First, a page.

Getting Inside Information on Video Surveillance CompaniesAuthor: John Honovich, Published on Jan 07, 2009
Executives almost never tell you the bad stuff - the risks, the problems, the reasons why not to do business with them. Indeed, the worse it gets, the more rosy the projections often become.
The best way to get the truth is to talk to a company's employees. And if you have friends or contacts at companies, you can get the inside scoop. Indeed, I find it amazing when an executive is spinning me right after an employee told me honestly what is happening. Nonetheless, no one can have contacts at every company and most only have such contacts at a few.
There's an emerging free online service called Glassdoor that provides you access to employee reviews of various companies. The information is very insightful and can help you better understand the strengths and weaknesses of a company. While it's still growing and only has maybe 20% of video surveillance companies, the information it already has is quite interesting.
Here's a few examples:
From a project manager in Bradenton: "The company continues to struggle for a coherent market identity due to it's legacy of acquisitions; after 5 years of integration attempts only recently have the silos started to melt and "GE" penetration taken effect."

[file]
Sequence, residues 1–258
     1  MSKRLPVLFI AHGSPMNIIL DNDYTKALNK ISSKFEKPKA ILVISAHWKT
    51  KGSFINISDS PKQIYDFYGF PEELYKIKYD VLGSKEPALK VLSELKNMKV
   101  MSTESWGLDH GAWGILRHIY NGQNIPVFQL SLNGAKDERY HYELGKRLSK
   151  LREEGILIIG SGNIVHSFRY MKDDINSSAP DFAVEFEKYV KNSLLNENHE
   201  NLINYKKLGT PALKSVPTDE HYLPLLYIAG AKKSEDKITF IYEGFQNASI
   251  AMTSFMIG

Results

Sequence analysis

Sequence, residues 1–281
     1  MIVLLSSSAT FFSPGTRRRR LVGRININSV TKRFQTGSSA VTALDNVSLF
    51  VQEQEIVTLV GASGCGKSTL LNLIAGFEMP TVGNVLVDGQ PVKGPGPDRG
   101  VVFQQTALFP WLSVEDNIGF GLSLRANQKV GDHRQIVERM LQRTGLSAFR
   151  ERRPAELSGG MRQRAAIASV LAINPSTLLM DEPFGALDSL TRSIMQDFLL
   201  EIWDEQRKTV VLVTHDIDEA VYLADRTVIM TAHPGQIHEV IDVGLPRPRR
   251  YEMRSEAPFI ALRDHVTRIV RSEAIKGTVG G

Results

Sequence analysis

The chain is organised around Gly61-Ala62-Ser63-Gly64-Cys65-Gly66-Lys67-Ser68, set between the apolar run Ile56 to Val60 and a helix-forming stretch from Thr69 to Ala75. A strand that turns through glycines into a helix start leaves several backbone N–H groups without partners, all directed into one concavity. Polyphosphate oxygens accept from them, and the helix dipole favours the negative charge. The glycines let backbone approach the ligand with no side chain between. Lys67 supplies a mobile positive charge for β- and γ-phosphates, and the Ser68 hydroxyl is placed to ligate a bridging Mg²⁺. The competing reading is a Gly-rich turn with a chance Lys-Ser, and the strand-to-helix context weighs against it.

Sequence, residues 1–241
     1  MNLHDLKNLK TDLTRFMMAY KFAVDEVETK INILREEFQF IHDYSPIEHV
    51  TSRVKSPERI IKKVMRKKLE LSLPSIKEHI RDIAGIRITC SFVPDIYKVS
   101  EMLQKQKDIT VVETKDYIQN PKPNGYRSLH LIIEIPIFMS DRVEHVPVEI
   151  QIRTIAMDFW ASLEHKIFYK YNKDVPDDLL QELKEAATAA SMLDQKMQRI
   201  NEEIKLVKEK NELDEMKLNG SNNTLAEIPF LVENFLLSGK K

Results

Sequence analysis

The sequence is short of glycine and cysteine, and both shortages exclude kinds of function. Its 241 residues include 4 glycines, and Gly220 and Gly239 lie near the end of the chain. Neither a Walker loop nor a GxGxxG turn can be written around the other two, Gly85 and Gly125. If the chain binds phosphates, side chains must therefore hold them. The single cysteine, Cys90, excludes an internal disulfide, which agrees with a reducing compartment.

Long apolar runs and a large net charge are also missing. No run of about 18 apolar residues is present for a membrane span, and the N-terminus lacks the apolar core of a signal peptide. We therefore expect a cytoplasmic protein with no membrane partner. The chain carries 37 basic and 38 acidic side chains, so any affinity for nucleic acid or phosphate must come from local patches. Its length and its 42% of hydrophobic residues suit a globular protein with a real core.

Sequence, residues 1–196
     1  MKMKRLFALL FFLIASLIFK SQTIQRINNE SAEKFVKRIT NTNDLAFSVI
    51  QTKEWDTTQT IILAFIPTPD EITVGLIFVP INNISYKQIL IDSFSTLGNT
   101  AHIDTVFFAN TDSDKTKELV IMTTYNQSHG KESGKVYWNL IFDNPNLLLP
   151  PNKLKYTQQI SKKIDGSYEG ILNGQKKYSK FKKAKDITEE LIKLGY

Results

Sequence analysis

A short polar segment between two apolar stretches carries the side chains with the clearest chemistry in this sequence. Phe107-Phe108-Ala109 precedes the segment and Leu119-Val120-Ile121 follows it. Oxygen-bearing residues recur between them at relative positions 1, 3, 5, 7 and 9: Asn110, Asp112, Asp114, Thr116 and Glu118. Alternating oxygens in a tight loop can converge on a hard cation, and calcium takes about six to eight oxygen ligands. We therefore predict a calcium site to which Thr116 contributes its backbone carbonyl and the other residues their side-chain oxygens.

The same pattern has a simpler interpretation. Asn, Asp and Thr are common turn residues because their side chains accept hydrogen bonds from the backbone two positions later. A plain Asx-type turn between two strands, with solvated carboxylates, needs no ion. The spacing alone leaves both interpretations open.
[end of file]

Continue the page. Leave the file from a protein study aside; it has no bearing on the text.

That sounds like GE Security to me.
From two software engineers:
- "Working for Pelco shows you that it isn't just a motto, but an entire way of life around here. As an employee, it makes you proud to be a part of that."
- "The company is very manufacturing centric, from the top down. It is NOT like working for a software company. "
Again, sounds like Pelco to me.
From Cisco engineers:
- "Practically everything is outsourced so customer service is a joke, particularly for partners. Getting things done, even within the system can be incredibly difficult."
- "Because projects are always getting cancel, it is very hard to get a salary increase or promotion since you keep reporting to different managers."
- "It is an extremely political environment where promotions and opportunity are based upon who you know. Middle management is focussed on one thing only, getting their next promotion"
- ""The main R&D is to buy a company that does something we want, put a logo on it and say it is part of the 'human network'"
- "The business focus was driven entirely quarterly. Very bad vibe coming from middle-management (who didn't care about their professional employees). The atmosphere felt cold and chronically stressed-out."
- "Lies and misrepresentation are the IBM family values, particularly for personnel issues and also for business metrics. That is the biggest downside - you never know when you're getting the straight story."
- "Good old boy network is a problem. They tend to promote people they like. If you are not close to someone you have a difficult time getting promoted."
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